Leadership Dim Sum, Part
You have a new colleague – a fellow division head. You don’t know him that well, but he and you will now have many occasions to interact, as your divisions are closely linked. A trusted colleague comes by and says “My condolences. I’d count the silverware after he leaves your office. Especially the knives. And I wouldn’t turn my back.”
Things to think about: Can you build trust with someone who may not be very trustworthy? Why is that person where he is? How are you going to work with him? (Q: How do porcupines make love? A: Very carefully.)
Most CEOs assert that there is no room on their leadership teams for someone who doesn’t represent the core values of the company (and we will assume that trustworthiness or some proxy for it is one of your core values). Yet we’ve seen some of these same CEOs make compromises when a member of their leadership team creates exceptional value to the business. (For example, we’ve seen a CEO promote someone into his inner circle because that person was a brilliant strategist, even though that person was verbally abusive with her own direct reports.)
Think carefully about Aspirations and Alignment before you make such a move. If the behavior of your senior executives is inconsistent with your aspirations, then you lose trust and credibility across the entire leadership team. If one of your players moves in ways contrary to what you would hope, it looks VERY obvious to the rest of the organization. And don’t count on “coaching” to fix things. When coaching is imposed upon someone, the result isn’t satisfactory nearly as often as you would like it to be. In addition, there are LOTS of coaches out there, and they vary dramatically as to quality, impact and value.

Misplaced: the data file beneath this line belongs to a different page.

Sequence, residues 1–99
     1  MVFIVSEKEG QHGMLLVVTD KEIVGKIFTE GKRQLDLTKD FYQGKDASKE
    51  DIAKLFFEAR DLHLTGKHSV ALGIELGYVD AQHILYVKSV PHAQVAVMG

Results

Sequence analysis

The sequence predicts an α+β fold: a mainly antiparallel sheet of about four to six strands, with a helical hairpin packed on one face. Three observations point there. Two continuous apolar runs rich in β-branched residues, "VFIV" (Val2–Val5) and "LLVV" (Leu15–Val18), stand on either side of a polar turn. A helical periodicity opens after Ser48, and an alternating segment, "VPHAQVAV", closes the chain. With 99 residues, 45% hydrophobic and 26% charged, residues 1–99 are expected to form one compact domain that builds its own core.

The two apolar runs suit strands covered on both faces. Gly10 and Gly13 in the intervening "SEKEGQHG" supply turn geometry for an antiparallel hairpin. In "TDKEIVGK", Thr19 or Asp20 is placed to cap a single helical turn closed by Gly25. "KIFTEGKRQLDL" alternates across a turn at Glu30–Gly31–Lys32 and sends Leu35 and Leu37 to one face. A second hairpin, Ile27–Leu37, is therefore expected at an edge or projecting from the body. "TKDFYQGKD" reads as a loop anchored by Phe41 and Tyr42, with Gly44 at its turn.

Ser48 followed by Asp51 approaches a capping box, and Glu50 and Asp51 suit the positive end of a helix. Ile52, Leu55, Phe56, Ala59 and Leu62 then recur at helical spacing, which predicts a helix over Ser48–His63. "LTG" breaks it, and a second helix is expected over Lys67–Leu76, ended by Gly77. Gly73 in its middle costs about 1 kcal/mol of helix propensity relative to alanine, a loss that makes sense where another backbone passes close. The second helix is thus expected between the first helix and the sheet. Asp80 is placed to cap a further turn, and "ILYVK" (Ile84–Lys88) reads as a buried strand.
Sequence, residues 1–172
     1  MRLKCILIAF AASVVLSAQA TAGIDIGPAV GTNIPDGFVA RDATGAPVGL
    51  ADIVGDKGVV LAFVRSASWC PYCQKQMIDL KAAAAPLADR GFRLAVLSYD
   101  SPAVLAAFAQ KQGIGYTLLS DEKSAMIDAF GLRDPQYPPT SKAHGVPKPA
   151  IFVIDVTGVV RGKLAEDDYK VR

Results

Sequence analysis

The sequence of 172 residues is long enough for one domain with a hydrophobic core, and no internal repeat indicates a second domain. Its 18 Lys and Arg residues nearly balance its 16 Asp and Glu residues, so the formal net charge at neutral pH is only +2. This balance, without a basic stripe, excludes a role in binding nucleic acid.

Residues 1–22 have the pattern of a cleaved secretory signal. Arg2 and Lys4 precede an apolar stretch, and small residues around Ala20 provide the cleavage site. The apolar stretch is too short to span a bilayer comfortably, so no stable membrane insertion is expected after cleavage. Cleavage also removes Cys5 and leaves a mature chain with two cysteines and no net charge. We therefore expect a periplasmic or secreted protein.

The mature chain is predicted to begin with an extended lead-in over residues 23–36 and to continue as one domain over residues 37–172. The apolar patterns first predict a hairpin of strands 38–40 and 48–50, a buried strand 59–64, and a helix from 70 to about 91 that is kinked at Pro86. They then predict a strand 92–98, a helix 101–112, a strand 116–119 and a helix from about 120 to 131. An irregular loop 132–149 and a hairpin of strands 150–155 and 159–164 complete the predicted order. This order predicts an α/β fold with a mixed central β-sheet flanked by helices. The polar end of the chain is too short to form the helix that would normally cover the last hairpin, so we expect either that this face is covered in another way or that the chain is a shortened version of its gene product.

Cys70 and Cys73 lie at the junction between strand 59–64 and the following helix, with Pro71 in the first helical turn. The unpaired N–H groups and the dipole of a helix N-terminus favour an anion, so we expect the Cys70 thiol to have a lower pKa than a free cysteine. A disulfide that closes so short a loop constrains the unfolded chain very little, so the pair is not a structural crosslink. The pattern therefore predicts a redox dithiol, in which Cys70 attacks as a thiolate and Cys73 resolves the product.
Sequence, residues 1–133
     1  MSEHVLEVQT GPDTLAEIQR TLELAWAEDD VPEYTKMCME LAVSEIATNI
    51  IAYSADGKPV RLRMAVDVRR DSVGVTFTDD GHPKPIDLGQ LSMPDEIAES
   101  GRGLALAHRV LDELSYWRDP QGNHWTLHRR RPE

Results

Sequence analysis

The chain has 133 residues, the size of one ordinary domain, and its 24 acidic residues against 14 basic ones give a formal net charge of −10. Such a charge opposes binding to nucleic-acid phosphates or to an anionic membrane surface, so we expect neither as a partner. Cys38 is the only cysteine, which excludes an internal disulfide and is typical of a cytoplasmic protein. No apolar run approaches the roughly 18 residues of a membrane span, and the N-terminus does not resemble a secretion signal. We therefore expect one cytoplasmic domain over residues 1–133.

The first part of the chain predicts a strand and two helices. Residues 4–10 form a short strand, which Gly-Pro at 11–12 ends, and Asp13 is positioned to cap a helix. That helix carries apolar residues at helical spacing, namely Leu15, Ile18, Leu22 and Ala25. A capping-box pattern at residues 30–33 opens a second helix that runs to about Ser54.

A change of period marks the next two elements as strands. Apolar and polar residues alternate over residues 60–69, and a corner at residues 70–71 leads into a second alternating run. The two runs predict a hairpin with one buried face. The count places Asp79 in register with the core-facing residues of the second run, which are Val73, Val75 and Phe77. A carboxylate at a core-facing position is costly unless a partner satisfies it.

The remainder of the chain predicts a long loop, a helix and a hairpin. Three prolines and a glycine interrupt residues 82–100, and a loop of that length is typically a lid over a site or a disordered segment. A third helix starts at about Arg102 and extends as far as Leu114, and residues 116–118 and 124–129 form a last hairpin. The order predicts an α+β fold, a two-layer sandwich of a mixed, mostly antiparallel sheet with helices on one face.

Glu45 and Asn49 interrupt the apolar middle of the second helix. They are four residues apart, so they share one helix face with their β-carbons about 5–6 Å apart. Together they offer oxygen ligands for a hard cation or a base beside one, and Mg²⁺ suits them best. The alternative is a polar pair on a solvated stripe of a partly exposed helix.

If you’re thrust into a situation where you’re expected to deal closely with someone you believe is untrustworthy (or who has that reputation), tread carefully. You’ve heard the phrase from the Reagan years “Trust, but verify.” That would apply here. So would “tread carefully.”
Rob Galford and Anne Seibold Drapeau are the authors of The Trusted Leader (The Free Press, January 2003). More information on the book is available at http://www.thetrustedleader.com . Robert Galford is Managing Partner of the Center for Executive Development in Boston, and has taught executive education programs at Columbia, Kellogg and, most recently, Harvard. He is the co-author of The Trusted Advisor (with David H. Maister and Charles H. Green). He may be reached at firstname.lastname@example.org . Anne Seibold Drapeau is Chief People Officer of Boston-based Digitas and has held management positions at Pepsi, J.P. Morgan, and FTD. She may be reached at email@example.com .